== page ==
It is fair to say that, for the majority of us, we are so careful about how we speak to each other.
So why is it that when it comes to talking to ourselves we can be so critical and cruel?
How we talk to ourselves matters.
Whether we talk to ourselves out loud or it’s a conversation we have internally in our heads, how we talk to ourselves can have a huge impact on our self-worth and even affect how we can react to the everyday stresses of life.
So how can we be more mindful and self-monitor how we self-talk?
A good first step is to start paying attention to how we talk to ourselves.
So let’s think about it. Every day we have an ongoing commentary running from our own heads. In fact, we have 12,000 to 60,000 thoughts per day.
Now, statistically out of all these thoughts a whopping 80% are negative. Wow. That means you’re on the receiving end to a lot of criticism. So, out of all those thoughts, how many times do we really acknowledge the language that we are using - and furthermore challenge it - when it strays from being helpful or kind?
It’s time to reflect
Find yourself a quiet moment to reflect on your self-talk. If it helps, use a notebook to write down your unfiltered thoughts. Do you see any patterns emerging? Do you find your thoughts being more constructive or destructive? When it comes to a challenge, are you your own cheerleader or are you a critic? When it comes to a mistake do you berate rather than see it as a learning curve?
If you find yourself nodding more to the latter, then it’s about time we catch that inner critic.
Noticing the Negative
Did you know our brains have a negative bias? That means our brains are hardwired to think more about the negative side to things than the positive or the neutral. It is important to know this, as it explains why we are more prone to point out our shortcomings before acknowledging our achievements.
This can have a direct impact on the language we use on ourselves. For example;
‘I am not good enough at art to try that new class’
‘Maybe if I wasn’t such a boring person they would want to talk to me’
‘That last meal I made was terrible. I’m never going to attempt baking again’
It would appear that our own brain is set to work against us, however our negativity bias once had a purpose to serve us. Back in the caveman days it was there to keep us alert, protecting us from harm from any pesky dinosaurs. In today’s modern world however the negative bias no longer is necessary and in fact can hinder us from progression.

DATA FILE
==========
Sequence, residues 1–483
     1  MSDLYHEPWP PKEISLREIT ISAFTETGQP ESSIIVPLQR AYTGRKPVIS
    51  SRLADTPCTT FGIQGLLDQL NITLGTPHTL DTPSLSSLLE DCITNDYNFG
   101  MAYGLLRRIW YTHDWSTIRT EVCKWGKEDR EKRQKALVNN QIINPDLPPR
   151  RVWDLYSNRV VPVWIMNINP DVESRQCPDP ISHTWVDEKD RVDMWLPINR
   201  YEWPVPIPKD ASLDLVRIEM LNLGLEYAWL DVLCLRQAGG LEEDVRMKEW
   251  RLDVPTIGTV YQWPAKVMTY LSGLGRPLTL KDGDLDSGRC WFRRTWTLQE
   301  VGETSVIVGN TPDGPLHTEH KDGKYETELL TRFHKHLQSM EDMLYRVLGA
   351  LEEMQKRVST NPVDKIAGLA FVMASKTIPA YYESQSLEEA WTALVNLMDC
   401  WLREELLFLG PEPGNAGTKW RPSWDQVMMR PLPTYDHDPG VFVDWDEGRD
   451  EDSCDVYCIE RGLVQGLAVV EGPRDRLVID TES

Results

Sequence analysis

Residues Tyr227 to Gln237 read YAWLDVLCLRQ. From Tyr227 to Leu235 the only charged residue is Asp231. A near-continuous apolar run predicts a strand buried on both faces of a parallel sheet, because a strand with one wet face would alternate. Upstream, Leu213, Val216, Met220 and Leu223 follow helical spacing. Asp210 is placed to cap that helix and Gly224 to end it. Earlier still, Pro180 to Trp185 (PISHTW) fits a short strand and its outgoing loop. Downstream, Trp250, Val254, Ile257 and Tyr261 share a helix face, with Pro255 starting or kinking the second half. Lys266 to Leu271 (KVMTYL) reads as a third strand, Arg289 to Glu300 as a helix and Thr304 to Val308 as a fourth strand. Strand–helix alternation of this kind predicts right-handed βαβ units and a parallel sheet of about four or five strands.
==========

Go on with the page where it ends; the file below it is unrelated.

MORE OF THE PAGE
So how can we reframe things to help us keep our negative bias under control?
A good approach is to practice compassionate self-talk. An important component to compassion is kindness, the same kindness you would show to the ones you love.
Next time you find yourself being self-critical ask yourself would you speak to a good friend or a close family member the way you speak to yourself? The answer is most likely no. With this shifted perspective you can provide yourself with that same comfort, validation and empathy you give to your nearest and dearest.
So why not see how it feels to be on the receiving end of that empathy and encouragement you would naturally give to others. It feels better doesn’t it?
Thoughts Not Facts
Thanks to that no good negative bias our mind has a tendency to jump to conclusions from time to time. This can send us on a downwards spiral of depression and anxiety if we are not careful.
For example, one ignored text message can have us assuming our friend is not speaking to us. One job rejection can leave us feeling like we’ll never get a job.
To challenge these uninvited thoughts next time ask yourself these questions:
Is what I’m thinking true?
Is it absolutely true?
How does this thought make me feel?
What would things be like if I did not hold this belief?
These questions are to stop us going on a downwards slope with our thought patterns. If we recognise that thoughts are simply a perspective of a particular moment, and not representative of the truth, we can see things more clearly.
So next time you’re giving yourself a good talking down practice ways to self – talk that can lift you up.